Don’t get me wrong: I completely agree with Krugman that strict land use laws, which aim to prevent the “wrong” types of people from being able to live in certain areas, are inefficient and reprehensible. I applaud him all the more for drawing attention to them. Unconscionably strict land use policies are deeply-entrenched in American law; so deep that Krugman’s fellow pro-immigration economist and New York Times columnist, libertarian Tyler Cowen, has declared he cannot support open borders because it would not be politically feasible to let so many poor people live in rich countries — because the only way to truly allow poor people to come would be to repeal and overcome the strict land use regime prevailing in much of America.

The parallels actually are quite striking; both Krugman and Cowen neglect to think of, or at least discuss, how keyhole solution-type policies could ameliorate the political costs of immigration that they worry about. After all, as Krugman himself has observed, immigrants gain immensely from being able to put their labour to more productive uses, in more productive regions.

They would be willing to pay a lot for the ability to live and work legally in a country like the US; that’s why they shell out thousands in fees to smugglers when the law, unjustly and inefficiently, bans them from coming legally. It would be far fairer and efficient to let immigrants compensate their new neighbours for the costs (even if these might be purely psychic costs incurred by those with anti-immigration prejudices) of living near immigrants. Both Krugman and Cowen know this — and even if it doesn’t fully comport with their sense of propriety, it is surely fairer to give immigrants some choice in the question of how to appease these bigots with political power, rather than to just ban most immigrants from coming altogether.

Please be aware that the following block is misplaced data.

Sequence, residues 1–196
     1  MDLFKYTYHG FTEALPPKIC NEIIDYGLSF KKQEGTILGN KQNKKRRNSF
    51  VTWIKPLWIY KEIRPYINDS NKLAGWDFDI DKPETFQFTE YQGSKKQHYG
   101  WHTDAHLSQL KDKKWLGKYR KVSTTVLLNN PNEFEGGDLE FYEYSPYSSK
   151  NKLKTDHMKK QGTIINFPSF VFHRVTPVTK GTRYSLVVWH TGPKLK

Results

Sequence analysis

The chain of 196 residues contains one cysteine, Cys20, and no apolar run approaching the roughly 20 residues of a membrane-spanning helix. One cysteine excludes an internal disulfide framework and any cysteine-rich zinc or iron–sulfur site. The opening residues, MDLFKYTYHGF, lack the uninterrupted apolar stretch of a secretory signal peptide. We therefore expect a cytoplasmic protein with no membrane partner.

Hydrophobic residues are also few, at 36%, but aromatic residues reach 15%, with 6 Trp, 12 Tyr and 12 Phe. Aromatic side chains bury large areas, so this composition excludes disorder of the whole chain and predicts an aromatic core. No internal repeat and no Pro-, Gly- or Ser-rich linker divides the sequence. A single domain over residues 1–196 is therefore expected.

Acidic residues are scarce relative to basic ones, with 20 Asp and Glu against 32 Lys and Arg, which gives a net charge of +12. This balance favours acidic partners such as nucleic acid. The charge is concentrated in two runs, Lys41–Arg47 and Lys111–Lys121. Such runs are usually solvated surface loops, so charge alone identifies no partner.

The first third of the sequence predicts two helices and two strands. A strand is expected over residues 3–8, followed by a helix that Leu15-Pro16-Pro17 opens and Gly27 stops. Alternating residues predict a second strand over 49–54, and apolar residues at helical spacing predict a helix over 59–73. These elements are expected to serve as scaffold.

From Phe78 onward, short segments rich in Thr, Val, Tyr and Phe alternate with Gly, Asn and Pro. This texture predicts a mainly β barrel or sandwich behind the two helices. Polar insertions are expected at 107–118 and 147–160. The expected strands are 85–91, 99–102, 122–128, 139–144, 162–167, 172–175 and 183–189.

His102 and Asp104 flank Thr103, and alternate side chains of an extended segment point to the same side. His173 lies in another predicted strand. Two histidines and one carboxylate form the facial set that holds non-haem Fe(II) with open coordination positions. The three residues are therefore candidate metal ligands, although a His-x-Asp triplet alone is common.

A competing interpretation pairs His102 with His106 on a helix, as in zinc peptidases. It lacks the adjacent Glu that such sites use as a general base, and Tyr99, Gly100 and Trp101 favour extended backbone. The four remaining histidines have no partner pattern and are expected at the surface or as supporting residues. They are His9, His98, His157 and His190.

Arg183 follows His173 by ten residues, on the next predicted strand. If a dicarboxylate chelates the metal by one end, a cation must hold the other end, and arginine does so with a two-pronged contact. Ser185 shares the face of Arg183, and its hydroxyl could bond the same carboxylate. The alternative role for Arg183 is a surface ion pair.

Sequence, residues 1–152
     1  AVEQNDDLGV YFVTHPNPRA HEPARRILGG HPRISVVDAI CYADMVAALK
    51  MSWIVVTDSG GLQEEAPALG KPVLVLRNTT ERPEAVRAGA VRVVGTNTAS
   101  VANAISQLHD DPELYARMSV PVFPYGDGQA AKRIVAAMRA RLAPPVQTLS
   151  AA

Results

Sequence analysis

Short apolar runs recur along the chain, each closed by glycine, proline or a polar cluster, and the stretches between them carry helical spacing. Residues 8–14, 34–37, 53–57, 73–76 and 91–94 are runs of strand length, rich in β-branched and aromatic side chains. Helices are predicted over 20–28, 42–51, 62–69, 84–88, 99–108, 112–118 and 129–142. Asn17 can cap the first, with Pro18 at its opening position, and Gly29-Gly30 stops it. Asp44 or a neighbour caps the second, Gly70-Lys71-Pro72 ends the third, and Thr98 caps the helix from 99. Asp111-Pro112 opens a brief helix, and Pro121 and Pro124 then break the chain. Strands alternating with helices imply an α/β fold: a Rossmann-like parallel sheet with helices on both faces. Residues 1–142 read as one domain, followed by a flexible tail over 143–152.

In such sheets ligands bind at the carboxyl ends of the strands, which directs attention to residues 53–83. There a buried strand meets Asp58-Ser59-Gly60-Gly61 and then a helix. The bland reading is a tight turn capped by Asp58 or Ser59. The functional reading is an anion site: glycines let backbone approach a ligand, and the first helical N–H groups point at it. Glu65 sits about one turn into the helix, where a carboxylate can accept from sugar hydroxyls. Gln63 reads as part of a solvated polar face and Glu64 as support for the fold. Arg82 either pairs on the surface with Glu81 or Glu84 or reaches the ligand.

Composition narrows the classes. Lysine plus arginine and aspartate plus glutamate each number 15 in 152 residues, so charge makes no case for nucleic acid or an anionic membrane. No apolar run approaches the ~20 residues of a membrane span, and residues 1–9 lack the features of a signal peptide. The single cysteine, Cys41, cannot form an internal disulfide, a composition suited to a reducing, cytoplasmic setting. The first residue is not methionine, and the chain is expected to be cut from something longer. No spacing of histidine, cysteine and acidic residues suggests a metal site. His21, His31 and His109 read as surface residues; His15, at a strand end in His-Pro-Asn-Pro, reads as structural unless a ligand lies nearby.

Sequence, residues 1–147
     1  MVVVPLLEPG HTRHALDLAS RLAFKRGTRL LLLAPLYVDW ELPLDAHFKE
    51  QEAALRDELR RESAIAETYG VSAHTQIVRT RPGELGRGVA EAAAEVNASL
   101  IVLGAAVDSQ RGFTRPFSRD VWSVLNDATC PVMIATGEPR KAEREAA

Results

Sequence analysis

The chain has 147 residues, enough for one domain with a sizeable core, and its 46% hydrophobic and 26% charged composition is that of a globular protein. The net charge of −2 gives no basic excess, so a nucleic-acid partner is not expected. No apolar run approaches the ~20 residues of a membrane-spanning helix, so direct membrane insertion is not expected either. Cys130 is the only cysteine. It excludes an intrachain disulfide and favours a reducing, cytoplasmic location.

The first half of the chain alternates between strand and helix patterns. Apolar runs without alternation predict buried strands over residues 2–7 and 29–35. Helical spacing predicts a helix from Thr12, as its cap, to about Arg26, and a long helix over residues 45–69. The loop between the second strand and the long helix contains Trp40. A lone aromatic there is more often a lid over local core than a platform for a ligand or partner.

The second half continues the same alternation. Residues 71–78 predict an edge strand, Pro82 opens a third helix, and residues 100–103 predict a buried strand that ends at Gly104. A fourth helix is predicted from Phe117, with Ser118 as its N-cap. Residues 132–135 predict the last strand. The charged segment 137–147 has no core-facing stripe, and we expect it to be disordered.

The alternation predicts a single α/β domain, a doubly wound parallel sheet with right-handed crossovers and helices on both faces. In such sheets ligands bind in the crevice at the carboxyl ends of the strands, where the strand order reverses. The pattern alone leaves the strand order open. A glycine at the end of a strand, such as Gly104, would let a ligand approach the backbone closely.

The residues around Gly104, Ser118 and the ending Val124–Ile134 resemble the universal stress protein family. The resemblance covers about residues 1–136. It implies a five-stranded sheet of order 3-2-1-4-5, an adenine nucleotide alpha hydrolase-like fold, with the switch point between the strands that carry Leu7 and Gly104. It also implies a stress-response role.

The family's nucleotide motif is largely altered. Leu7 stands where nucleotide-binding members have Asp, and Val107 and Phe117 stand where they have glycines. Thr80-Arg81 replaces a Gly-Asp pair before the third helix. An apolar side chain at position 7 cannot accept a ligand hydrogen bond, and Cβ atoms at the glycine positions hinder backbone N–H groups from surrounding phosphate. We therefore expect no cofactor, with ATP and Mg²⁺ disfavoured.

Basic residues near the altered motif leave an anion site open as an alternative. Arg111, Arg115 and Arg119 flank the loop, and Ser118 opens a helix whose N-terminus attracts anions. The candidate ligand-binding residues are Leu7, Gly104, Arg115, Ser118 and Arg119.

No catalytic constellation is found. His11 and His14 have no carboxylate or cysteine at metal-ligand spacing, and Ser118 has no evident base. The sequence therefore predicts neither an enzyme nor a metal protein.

Both co-blogger economist Nathan Smith and myself have politely criticised Cowen before for his odd and inconsistent thinking about immigration, so I suppose it’s only fair that we hold Krugman to the same bar. And I can think of no better articulation of that bar than Cowen’s own, in one of his New York Times columns:

Often, economists spend their energies squabbling with one another, but arguably the more important contrast is between our broadly liberal economic worldview and the various alternatives — common around the globe — that postulate natural hierarchies of religion, ethnicity, caste and gender, often enforced by law and strict custom…

One enormous issue is international migration. A distressingly large portion of the debate in many countries analyzes the effects of higher immigration on domestic citizens alone and seeks to restrict immigration to protect a national culture or existing economic interests. The obvious but too-often-underemphasized reality is that immigration is a significant gain for most people who move to a new country.

Michael Clemens, a senior fellow at the Center for Global Development in Washington, quantified these gains in a 2011 paper, “Economics and Emigration: Trillion-Dollar Bills on the Sidewalk?” He found that unrestricted immigration could create tens of trillions of dollars in economic value, as captured by the migrants themselves in the form of higher wages in their new countries and by those who hire the migrants or consume the products of their labor. For a profession concerned with precision, it is remarkable how infrequently we economists talk about those rather large numbers.

Truly open borders might prove unworkable, especially in countries with welfare states, and kill the goose laying the proverbial golden eggs; in this regard Mr. Clemens’s analysis may require some modification. Still, we should be obsessing over how many of those trillions can actually be realized.

In any case, there is an overriding moral issue. Imagine that it is your professional duty to report a cost-benefit analysis of liberalizing immigration policy. You wouldn’t dream of producing a study that counted “men only” or “whites only,” at least not without specific, clearly stated reasons for dividing the data.

So why report cost-benefit results only for United States citizens or residents, as is sometimes done in analyses of both international trade and migration? The nation-state is a good practical institution, but it does not provide the final moral delineation of which people count and which do not. So commentators on trade and immigration should stress the cosmopolitan perspective, knowing that the practical imperatives of the nation-state will not be underrepresented in the ensuing debate.

Economists have never let bigotry or prejudice get in the way of just and fair economic policies. That’s why Krugman worries so much about cost of living forcing engineers and construction workers to live in Dallas instead of New York: because the arbitrary exclusion of strict housing laws prevents these people from earning the wages they command in a fair market. It’s a problem of both social justice and economic efficiency. That people worry about new neighbours, or tall buildings, is not a good enough reason to arbitrarily exclude these people from living in places where they are willing to pay the market rent to earn their market wage.